Slow Sound is a mindful approach to improvisation and composition.
Slow sound can be contemplative or meditative, but at all times thoughtful.
Slow Sound is a celebration of sound as a manifestation of the present moment.
Slow Sound encompasses quiet music in all its guises: lowercase, slow music, reductionism, new silence, EAI (electroacoustic improvisation), onkyo, ambient noise, field recordings, etc.
If there is a choice, Slow Sound is slow rather than fast. Sparse rather than dense. Thin rather than thick. These are ideals rather than absolutes, and exceptions are welcome.
Slow Sound is not an either/or process. We understand that there are times when it is absolutely necessary to “kick out the jams.” But Slow Sound can be a comforting refuge from the cacophony of fast life and loud noise. Slow Sound is not better or worse than any other musical practice, just different.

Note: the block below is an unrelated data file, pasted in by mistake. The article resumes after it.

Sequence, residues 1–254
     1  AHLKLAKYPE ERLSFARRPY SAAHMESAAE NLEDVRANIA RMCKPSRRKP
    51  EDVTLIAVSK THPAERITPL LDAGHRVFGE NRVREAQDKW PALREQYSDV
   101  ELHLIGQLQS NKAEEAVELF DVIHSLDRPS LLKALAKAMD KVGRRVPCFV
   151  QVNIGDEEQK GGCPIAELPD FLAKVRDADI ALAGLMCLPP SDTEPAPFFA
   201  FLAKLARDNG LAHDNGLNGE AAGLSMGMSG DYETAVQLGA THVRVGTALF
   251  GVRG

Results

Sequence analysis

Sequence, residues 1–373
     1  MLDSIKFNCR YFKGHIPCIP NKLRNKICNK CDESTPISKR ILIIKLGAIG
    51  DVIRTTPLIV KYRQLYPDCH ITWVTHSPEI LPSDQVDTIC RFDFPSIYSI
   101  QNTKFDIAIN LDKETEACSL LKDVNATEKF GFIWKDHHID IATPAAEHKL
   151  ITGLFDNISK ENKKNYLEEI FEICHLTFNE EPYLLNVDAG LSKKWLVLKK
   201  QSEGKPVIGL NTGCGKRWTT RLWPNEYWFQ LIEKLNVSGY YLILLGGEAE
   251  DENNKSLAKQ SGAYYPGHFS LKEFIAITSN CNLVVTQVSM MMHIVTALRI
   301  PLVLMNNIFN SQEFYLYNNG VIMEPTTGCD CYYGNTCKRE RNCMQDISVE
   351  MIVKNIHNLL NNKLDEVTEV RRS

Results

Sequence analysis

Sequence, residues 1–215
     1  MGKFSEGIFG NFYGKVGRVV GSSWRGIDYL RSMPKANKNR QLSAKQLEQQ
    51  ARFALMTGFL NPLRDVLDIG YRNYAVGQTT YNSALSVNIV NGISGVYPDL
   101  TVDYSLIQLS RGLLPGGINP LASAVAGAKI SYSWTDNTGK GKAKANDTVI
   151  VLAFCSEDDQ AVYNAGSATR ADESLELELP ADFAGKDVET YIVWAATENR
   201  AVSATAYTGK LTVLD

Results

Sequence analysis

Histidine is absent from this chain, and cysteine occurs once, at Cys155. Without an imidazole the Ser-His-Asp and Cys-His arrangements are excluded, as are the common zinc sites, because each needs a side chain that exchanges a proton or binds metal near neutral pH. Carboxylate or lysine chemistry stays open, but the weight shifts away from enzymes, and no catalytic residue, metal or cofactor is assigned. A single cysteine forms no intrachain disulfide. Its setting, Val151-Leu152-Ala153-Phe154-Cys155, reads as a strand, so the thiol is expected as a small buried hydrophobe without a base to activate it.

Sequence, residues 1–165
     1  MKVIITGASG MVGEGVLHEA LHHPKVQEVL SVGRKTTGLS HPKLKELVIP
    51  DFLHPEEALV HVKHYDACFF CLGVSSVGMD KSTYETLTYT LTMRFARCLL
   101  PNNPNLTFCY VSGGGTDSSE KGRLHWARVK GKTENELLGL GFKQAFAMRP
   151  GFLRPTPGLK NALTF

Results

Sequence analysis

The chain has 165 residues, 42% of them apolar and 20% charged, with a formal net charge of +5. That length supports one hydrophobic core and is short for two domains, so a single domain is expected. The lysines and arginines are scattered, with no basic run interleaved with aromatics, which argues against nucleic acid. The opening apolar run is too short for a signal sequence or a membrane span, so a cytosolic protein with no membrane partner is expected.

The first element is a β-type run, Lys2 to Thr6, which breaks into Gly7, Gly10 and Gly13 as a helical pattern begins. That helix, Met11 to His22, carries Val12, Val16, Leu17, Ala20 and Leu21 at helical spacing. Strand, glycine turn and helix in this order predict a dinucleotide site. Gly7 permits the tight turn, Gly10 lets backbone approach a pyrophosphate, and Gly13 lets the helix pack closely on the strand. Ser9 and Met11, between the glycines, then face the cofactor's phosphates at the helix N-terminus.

Slow Sound is robust, disciplined, and meaningful.
Slow Sound is both foreground and background.
Slow Sound encourages openness and transparency, and discourages careerism, competition and elitism.
Slow Sound is intimate and palpable, rather than commercial and impersonal.
Millions of people suffer from various stages of tinnitus; Slow Sound wishes to avoid contributing to this malady. At the end of a Slow Sound concert, we want the audience to leave with their minds ringing, not their ears.
Influences, Inspirations, and Examples: John Cage, Brian Eno, Morton Feldman, Arvo Pärt, Steve Roden, Jeffrey Roden, Aaron Ximm, John Kannenberg, qqq, Josh Russell, j.frede, Marcos Fernandes, smgsap, Jeremy Drake, Jon Mueller, Thuja, Keith Rowe, Tetuzi Akiyama, Radu Malfatti, Bill Rieflin, Pauline Oliveros, Bernhard Günter, William Basinski, Dan Abrams, Akira Rabelais, R. Murray Schafer, Gordon Hempton, etc.